As the only child of two teetotalers, my first Christmases were not riotous affairs. We would get up at seven o'clock, eat a bowl of cereal and wait for the electric fire to warm up the 'lounge'. Like many working class people of that time, my parents had a strange habit of only using their front room on special occasions.
After our perfunctory breakfast, we would change rooms and my father would put his 'Christmas with James Last' LP on the stereo.
The music was pure kitsch, but I still have a soft spot for it:
Every year, my presents would be stacked underneath a formica coffee table with wobbly legs. I could barely contain my excitement. In contrast, my parents treated their presents with the dogged professionalism of someone cataloguing a crime scene: "Soap on a rope from Chris and Lesley".
In spite of being very religious and patriotic, my parents didn't attend a church service or watch the Queen's Christmas Broadcast to the Commonwealth. I've no idea why.
At 11.30, my father would collect his parents from Twickenham, a mile away. It would be an understatement to say that my grandmother was not the most cheery of souls and for the duration of their visit, we felt as if a dark spell had been cast over the day. Christmas 'dinner' - always served at midday - was consumed in semi-silence.
There were no games.
But if my recollections sound rather melancholy, I should add that I always enjoyed Christmas Day. The misery of being with my grandmother was a minor distraction compared to the excitement of having a new train set, or a box of Lego.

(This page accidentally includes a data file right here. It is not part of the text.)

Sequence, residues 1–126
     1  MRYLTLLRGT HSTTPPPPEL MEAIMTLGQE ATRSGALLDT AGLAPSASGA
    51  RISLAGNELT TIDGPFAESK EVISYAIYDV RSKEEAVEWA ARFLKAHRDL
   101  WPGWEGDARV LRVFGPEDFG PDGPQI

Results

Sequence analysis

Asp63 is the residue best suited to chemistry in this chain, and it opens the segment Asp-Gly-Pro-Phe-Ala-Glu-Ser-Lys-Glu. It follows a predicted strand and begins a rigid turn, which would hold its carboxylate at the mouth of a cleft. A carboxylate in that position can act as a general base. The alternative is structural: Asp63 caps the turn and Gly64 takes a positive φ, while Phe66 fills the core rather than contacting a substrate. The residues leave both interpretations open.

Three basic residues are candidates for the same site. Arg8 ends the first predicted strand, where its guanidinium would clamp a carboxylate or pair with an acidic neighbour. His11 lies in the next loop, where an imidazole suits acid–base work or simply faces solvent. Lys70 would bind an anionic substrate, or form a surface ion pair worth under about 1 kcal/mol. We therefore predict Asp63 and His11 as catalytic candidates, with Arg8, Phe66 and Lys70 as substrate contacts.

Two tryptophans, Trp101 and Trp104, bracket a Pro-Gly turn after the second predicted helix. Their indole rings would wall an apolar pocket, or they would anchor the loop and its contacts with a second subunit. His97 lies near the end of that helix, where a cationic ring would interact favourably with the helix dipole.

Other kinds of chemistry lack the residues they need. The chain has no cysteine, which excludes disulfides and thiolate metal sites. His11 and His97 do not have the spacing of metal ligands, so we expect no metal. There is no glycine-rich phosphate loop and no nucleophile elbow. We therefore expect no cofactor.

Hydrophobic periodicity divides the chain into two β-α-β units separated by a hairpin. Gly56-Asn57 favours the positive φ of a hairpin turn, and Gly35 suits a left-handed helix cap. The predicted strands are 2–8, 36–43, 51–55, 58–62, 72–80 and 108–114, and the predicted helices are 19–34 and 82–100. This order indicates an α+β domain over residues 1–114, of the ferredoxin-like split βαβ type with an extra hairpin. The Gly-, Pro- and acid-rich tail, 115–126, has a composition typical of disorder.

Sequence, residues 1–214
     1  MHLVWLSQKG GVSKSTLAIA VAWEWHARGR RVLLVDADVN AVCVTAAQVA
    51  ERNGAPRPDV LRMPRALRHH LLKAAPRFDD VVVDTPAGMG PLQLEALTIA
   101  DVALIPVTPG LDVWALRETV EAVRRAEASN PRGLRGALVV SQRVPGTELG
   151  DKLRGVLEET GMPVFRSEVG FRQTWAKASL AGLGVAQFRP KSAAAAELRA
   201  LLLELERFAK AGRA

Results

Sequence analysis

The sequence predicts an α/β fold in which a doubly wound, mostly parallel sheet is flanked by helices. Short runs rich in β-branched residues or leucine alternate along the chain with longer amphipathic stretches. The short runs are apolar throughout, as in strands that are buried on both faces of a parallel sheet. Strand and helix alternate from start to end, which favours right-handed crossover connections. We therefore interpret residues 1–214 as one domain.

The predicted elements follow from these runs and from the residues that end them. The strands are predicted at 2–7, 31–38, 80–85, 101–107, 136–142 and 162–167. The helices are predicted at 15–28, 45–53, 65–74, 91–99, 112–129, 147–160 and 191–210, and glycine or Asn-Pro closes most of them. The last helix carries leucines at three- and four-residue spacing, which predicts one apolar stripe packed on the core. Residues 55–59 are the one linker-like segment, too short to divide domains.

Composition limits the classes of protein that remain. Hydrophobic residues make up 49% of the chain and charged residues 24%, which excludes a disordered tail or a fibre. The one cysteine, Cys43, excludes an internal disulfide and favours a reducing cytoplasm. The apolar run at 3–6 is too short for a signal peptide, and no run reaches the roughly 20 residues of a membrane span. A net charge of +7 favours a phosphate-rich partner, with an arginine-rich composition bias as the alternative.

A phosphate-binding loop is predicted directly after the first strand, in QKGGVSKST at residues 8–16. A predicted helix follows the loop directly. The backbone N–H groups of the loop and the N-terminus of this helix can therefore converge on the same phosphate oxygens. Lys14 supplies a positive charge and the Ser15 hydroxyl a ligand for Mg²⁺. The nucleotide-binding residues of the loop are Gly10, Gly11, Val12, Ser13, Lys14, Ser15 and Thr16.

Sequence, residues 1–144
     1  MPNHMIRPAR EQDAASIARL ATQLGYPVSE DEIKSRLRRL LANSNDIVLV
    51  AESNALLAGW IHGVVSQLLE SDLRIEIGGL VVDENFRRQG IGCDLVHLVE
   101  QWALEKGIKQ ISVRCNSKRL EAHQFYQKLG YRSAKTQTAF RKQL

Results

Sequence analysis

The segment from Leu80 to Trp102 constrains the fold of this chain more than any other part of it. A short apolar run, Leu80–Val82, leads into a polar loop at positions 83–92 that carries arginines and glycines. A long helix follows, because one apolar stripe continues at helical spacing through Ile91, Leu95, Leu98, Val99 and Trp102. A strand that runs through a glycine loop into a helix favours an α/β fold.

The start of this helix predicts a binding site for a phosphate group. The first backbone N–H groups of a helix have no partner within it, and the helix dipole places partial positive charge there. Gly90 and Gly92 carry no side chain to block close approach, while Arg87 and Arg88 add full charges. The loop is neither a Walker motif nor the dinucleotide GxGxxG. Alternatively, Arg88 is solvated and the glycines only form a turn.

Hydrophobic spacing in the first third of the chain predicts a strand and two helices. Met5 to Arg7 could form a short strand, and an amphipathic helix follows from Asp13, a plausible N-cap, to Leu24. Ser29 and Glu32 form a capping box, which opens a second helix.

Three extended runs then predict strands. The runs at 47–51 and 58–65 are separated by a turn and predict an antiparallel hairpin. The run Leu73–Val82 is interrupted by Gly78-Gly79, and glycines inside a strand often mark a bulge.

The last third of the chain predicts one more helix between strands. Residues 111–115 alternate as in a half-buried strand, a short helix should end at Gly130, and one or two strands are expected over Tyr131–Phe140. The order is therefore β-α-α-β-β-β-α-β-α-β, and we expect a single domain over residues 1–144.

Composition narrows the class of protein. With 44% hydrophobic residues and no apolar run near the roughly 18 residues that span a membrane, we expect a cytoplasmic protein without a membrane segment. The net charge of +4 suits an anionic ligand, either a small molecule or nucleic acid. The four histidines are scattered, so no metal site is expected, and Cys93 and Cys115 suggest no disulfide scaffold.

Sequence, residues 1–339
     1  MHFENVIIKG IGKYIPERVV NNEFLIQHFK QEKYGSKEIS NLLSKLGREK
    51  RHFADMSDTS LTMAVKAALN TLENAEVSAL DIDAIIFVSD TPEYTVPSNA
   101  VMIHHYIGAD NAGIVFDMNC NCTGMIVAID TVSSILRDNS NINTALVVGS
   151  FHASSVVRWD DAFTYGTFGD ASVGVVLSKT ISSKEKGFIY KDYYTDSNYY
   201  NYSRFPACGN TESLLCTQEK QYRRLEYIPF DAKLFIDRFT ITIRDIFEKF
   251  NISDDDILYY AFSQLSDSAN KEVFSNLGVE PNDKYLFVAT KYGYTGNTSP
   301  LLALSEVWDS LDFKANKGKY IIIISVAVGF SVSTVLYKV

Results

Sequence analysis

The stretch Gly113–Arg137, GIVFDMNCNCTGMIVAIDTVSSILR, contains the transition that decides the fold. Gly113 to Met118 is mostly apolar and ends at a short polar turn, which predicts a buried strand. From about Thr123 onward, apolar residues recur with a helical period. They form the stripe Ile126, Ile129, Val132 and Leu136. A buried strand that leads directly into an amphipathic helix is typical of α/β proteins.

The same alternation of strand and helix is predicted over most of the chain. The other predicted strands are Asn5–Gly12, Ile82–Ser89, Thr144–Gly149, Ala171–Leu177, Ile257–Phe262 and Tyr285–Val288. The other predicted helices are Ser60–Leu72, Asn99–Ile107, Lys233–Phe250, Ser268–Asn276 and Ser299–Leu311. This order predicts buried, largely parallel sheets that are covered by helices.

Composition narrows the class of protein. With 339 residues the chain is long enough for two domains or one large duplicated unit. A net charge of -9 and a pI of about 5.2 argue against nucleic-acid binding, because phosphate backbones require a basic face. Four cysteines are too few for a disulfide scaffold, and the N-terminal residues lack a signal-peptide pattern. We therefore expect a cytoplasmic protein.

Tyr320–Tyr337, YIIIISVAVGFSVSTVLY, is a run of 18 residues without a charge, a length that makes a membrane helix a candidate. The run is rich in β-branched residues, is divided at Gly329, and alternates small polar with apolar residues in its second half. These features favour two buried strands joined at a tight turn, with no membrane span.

In my naivety, I assumed that most families had similar Christmases to mine, following the same routine. However, when I spent my first Christmas away from home, with my wife's family, I had a rude awakening.
My wife's family were the polar opposite of mine in every respect and teetotalers were regarded with the same horror as child molesters and trade unionists. If you wanted to be accepted in their solidly upper middle class world, you had to show that you knew how to drink.
At mid-morning, a succession of visitors arrived, while the grandparents held court in the bar of their sprawling Tudor house. Everyone became increasingly drunk and my memory of the period between 11.00 and 3.00 is almost non-existent, but at some point we must have walked back to my mother-in-law's, as I remember waking up there in the afternoon.
In the evening, we returned to the grandparents' home, where more guests arrived and the drinking resumed. By nine o'clock, the grandfather walked over to a grand piano (which had weeds growing underneath it) and a singalong session began, with a medley of music hall favourites and songs from the 1930s and 40s. A rude version of 'These Foolish Things' was the highlight.
Christmas dinner - a well-hung pheasant - was finally eaten at 11.00pm (apparently it got later every year) in a large hall, warmed by a roaring inglenook fire. More bottles were opened.
After the main course, it was apparently traditional to have indoor fireworks. By this point in the day, everyone was so drunk, they barely noticed when one of the fireworks rose from the table and set fire to the Christmas decorations. I felt as if I had entered a madhouse.
The contrast between the two family Christmases couldn't have been greater: one, a sobre, muted affair; the other, a fun but exhausting bacchanale. Since those days, my wife and I have aimed at having a Christmas that is somewhere between the two extremes.
However, as a homage to our dear departed, there will be five minutes of James Last, accompanied by the carcinogenic smoke of an indoor fireworks display.